Attorney General Eric Holder dismissed a new government watchdog report which declared some NSA programs illegal, insisting that the spy agency’s vast secret surveillance is on strong legal footing.

In an exclusive, wide-ranging interview on Thursday with msnbc, Holder also spoke about new voting rights legislation, Republican Voter ID laws, Wall Street prosecutions and the Obama administration’s efforts to reform the War on Drugs with more rehabilitation programs. (See video below.)

On the NSA findings, Holder said he hadn’t read the new report from the government’s privacy and civil liberties board, but noted that “at least 15 judges on about 35 occasions have said that the program itself is legal.”

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When asked about judges who disagree, including a Washington federal court that rebuked the bulk data collection last month, Holder, himself a former Washington judge, contended the legal consensus is now clear.

“I think that those other judges, those 15 judges, got it right,” Holder said.

The Obama administration’s recent “modifications” to the NSA program addressed any outstanding legal issues, Holder added, and he is now focused on working with James Clapper, the National Intelligence Director, on a harder policy question for surveillance today: “Simply because we can do it, should we?”

Holder discussed the case against former NSA contractor Edward Snowden earlier this week.

New voting rights law and voter ID

Holder also made his most extensive comments to date on a proposal to renew the Voting Rights Act.

He credited a bipartisan bill, introduced last week by Rep. John Lewis, a Democrat, and Republican Jim Sensenbrenner for going a “long way” towards addressing the Supreme Court’s ruling against the law last June. However, Holder said the bill should patrol voter ID laws more assertively.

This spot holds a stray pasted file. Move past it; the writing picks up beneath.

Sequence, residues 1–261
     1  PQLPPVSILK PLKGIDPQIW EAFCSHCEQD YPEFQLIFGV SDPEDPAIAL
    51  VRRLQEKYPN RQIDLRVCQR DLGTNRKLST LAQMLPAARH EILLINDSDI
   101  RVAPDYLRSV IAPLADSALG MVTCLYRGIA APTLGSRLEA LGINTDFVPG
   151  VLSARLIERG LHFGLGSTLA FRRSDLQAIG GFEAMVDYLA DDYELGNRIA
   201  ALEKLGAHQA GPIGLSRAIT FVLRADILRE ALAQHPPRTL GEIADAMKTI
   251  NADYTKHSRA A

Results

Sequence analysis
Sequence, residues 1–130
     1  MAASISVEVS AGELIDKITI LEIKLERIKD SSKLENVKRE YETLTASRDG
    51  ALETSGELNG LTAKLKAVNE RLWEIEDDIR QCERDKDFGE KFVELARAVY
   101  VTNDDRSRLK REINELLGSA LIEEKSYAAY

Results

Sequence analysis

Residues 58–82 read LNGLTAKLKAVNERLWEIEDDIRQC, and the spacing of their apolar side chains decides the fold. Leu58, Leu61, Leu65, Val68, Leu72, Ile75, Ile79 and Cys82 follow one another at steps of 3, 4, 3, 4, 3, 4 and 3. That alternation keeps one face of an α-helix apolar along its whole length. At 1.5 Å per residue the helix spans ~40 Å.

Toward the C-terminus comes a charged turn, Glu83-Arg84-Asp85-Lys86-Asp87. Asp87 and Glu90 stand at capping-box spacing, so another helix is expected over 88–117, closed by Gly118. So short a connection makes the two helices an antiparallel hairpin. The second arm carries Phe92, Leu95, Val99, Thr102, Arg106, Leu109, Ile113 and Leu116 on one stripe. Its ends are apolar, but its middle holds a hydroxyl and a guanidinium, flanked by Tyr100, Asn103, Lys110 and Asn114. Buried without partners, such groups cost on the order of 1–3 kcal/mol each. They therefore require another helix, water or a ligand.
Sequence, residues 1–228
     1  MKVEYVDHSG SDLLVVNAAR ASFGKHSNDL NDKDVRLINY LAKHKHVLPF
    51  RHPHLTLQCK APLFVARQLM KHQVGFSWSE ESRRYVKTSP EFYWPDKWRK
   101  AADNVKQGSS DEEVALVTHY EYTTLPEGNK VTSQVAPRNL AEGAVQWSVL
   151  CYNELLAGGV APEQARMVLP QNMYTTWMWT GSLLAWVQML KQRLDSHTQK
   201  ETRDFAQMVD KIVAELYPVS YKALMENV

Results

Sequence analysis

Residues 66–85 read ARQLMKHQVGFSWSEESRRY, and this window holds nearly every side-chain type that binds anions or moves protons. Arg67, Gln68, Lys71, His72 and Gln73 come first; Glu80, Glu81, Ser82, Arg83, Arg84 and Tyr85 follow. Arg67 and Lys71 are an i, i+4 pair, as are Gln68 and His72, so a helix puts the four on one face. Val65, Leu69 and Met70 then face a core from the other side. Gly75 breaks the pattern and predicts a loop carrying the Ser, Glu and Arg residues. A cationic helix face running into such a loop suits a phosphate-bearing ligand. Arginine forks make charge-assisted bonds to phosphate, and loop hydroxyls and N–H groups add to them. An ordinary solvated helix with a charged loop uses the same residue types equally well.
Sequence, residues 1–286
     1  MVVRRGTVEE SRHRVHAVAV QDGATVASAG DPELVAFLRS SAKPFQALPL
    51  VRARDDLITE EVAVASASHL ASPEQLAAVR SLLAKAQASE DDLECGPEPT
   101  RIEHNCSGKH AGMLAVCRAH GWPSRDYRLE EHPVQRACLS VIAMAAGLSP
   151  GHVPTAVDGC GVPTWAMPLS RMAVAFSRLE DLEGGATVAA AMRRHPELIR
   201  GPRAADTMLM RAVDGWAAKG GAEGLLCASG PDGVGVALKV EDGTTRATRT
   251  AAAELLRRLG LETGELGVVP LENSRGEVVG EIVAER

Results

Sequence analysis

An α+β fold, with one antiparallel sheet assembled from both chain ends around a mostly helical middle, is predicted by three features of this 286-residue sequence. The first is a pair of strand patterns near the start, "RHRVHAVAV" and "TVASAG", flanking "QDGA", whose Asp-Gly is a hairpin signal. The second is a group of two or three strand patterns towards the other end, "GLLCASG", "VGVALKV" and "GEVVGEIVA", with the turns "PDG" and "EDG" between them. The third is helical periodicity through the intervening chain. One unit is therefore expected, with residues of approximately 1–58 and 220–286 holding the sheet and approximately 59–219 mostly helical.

“If we can show that that photo ID efforts are done inappropriately and for improper reasons,” Holder said, “that ought to be the basis for federal intervention.”

The bill only counts voter ID violations found by a court – not violations filed by the Justice Department – to trigger supervision of local voting rules. That’s a less stringent approach than the original Voting Rights Act of 1965, and it relies less on the Attorney General’s judgment than the original law.

Holder had strong words for Republicans who use voter ID laws to suppress or distort voter turnout.

“People have to understand that we are not opposed to photo identification in a vacuum,” he said, but it must not be used “to disenfranchise” people for racial or “partisan reasons.”  While some GOP lawmakers may have a “good faith” concern here, Holder said, others are disingenuously “using it for partisan advantage.”

“The reality is that all the studies show that this whole question of ballot integrity, in-person voter fraud – simply does not exist,” he stressed. Given all the data, Holder contended, Republicans’ fixation on voter ID suggests “a remedy in search of a problem.”  ”It is being used, in too many instances,” he continued, “to depress the vote of particular groups of people who are not supportive of the party that is advancing these photo ID measures.”

The attorney general said he’d like to talk with Congress about legislative “language” to ensure the bill prevents any misuse of ID requirements. “I would like to work with members of Congress,” he pledged, “to make this bill as strong as we possibly can make it.”

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